Security awareness

Malicious SEO campaigns: Mitigating risk with zero-trust approach

February 8, 2021 by Susan Morrow

Introduction

The culture of the “corporate website” has become synonymous with 21st-century business. To compete and be seen in a global space, organizations need a web presence. This has been particularly important during COVID-19, where digital means of attracting customers and clients have replaced face-to-face. 

But it’s a jungle out there. To be seen online, a business has to utilize several strategies — perhaps the most important of which is to achieve a decent search engine ranking.

This need has given rise to the discipline of search engine optimization (SEO). This tactic of making a website’s presence known to search engines and achieving a good page ranking (especially on Google), encompasses a variety of different techniques. But, as with much of our digital life, the cybercriminal community has taken SEO and now uses it for their own ends. Black-hat SEO is now a scourge of the internet.

What is black-hat SEO?

Black-hat SEO (sometimes called negative SEO) is the application of malicious techniques to increase the ranking of a website or product on a search engine (usually targeting Google). These techniques go way outside the T&Cs of the search engine and enter the murky world of website hacking. Any legitimate website can become a victim of a black-hat SEO hacker. 

The SEO hackers use a wide range of techniques to gain exposure to their website/products by hijacking legitimate websites, using them as a parasitic host. This level of negative SEO goes beyond illegitimate tactics such as keyword stuffing and cloaking. Instead, hacking tactics include injection of HTML code in theme files and devious redirection to other sites. 

It’s bad enough that the affected website becomes an unwilling host to promote illegal products, but the website can also be markedly affected. Impacted websites can end up with very poor performance and even be banned by Google.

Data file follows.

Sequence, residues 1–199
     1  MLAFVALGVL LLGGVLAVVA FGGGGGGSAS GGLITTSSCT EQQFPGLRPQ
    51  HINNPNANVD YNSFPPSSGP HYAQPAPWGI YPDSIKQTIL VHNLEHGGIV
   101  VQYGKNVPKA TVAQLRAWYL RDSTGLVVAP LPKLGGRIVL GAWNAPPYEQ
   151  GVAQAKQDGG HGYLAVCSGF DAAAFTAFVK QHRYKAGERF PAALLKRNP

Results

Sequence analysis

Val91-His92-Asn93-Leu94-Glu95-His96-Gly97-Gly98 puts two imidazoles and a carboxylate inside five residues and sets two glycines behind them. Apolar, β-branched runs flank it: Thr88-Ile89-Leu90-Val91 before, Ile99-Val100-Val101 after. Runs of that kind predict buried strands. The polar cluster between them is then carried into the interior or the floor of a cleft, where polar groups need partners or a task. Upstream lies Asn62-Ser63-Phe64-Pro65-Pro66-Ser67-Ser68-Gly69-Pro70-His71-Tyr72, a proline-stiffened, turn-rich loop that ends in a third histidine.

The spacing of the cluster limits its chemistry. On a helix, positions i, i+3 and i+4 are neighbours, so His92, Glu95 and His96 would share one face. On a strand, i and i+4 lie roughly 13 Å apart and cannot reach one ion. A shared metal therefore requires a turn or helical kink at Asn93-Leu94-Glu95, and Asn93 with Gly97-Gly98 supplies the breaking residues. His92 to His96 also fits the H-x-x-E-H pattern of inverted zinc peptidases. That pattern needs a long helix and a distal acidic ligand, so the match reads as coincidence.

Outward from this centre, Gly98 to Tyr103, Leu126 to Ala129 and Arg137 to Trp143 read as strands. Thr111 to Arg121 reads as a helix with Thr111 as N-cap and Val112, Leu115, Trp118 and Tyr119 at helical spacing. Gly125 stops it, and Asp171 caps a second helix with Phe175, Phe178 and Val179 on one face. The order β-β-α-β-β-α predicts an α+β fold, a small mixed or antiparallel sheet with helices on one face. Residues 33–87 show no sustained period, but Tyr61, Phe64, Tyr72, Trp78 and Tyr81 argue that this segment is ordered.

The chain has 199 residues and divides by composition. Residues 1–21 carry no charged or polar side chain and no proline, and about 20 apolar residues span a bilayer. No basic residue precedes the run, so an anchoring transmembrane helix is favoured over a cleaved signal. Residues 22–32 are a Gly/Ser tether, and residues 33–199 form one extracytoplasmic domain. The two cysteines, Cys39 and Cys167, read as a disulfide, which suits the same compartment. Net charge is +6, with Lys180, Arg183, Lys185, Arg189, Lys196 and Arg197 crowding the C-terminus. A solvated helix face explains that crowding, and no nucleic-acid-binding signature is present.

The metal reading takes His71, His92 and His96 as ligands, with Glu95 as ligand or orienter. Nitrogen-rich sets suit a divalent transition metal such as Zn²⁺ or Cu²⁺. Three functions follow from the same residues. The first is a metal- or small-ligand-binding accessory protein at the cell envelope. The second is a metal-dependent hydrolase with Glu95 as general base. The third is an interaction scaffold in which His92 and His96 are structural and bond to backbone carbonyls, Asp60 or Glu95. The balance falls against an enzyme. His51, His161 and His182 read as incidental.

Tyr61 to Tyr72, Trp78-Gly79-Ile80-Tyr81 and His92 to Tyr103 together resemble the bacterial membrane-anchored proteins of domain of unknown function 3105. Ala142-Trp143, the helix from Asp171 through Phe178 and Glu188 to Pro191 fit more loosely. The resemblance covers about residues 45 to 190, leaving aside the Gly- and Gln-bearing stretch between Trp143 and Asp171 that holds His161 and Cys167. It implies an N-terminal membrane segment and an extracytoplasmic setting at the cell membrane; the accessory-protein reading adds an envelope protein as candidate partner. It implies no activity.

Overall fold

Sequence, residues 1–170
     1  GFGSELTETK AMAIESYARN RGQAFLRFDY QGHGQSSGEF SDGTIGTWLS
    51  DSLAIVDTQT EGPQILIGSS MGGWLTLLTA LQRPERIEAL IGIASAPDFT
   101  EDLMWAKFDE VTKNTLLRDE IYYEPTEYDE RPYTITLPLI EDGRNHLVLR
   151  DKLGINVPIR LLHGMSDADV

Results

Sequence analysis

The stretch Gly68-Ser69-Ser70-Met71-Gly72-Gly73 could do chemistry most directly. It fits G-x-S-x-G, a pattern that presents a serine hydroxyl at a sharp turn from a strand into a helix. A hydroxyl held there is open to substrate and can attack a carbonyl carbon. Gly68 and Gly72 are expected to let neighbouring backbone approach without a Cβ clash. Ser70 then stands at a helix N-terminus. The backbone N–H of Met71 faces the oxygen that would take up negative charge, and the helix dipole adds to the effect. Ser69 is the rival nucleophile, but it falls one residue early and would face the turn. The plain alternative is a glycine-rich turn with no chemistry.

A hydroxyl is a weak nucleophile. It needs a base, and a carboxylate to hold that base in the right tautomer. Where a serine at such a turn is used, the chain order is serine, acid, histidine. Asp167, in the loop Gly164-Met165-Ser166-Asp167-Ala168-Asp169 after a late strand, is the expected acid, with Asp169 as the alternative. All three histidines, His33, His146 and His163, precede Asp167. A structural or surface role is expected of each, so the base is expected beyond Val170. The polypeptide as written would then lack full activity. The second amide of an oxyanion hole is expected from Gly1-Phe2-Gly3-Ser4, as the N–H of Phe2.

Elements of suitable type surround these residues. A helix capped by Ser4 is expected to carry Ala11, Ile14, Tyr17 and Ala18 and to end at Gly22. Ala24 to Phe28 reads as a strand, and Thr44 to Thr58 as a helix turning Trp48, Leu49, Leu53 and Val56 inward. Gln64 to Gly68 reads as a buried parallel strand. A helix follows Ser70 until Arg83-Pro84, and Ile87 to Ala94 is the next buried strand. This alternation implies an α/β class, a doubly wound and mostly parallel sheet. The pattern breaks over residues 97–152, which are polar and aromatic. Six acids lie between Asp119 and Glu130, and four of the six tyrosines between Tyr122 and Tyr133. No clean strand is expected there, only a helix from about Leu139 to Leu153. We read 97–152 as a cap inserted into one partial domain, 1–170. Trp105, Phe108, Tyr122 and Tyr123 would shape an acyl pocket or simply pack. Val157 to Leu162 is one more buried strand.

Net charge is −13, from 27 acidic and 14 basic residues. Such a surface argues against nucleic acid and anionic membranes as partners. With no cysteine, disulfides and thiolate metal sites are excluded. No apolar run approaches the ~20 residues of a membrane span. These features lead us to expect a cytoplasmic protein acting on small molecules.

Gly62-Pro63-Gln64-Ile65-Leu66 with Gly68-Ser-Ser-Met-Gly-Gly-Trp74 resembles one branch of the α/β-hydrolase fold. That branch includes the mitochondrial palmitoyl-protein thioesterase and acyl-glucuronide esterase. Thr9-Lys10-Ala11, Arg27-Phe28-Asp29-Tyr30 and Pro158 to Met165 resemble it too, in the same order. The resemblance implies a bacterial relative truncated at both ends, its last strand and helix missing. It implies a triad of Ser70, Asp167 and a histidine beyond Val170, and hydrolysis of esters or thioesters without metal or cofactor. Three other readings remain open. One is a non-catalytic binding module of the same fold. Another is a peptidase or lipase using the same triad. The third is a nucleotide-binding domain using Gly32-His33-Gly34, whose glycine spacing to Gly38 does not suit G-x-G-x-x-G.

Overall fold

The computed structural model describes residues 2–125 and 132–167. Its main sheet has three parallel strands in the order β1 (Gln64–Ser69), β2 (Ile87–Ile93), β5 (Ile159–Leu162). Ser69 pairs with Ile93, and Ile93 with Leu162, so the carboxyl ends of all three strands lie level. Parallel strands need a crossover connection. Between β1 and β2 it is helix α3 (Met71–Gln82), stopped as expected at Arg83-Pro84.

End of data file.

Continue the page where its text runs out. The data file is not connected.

Malicious black-hat SEO attack vectors include SEO spam injection, whereby fraudsters hack into a website using security vulnerabilities in a plugin, or via credential stuffing. Once access is gained, the fraudsters will inject their own content, stuffing keywords, adding in devious redirects, across pages and posts throughout a site. The access needed to perform this is achieved using a variety of measures, including credential stuffing, brute-force attacks and via vulnerabilities in plugins and core CMS (content management software). 

A recent example, demonstrating the widespread impact of plugin vulnerabilities, was a WordPress FileManager plugin flaw that affected over 700,000 websites. The vulnerability allowed the execution of commands and the upload of malicious files to an affected website. A patch for the vulnerability has since been released.

Access control to hosted websites and backend databases is a key issue in SEO black-hat campaigns. Techniques such as credential stuffing are popular and successful. In the 12 months leading up to December 2019, 88 billion credential-stuffing attacks were identified. 

Credential stuffing relies on login credentials stolen in previous data breaches. A bot then uses the stolen passwords and email addresses to attempt login across thousands of website administrator login pages. Access control to CMS login and database administration login is clearly a key issue in black-hat SEO.

Zero-trust measures to prevent black-hat SEO

The prevention of negative SEO is as important as any other cybersecurity initiative. The corporate website is a display to the world of the value of a company. Its presence must be preserved. There are, however, ways to counter the threat of black-hat SEO, including ensuring that plugins, themes and core software are patched, as well as applying website vulnerability scanning tools. 

However, one of the most effective and fundamental methods of managing the threat of negative SEO is through an understanding of the threat and applying robust control of access to web resources. This is where the use of zero trust comes in.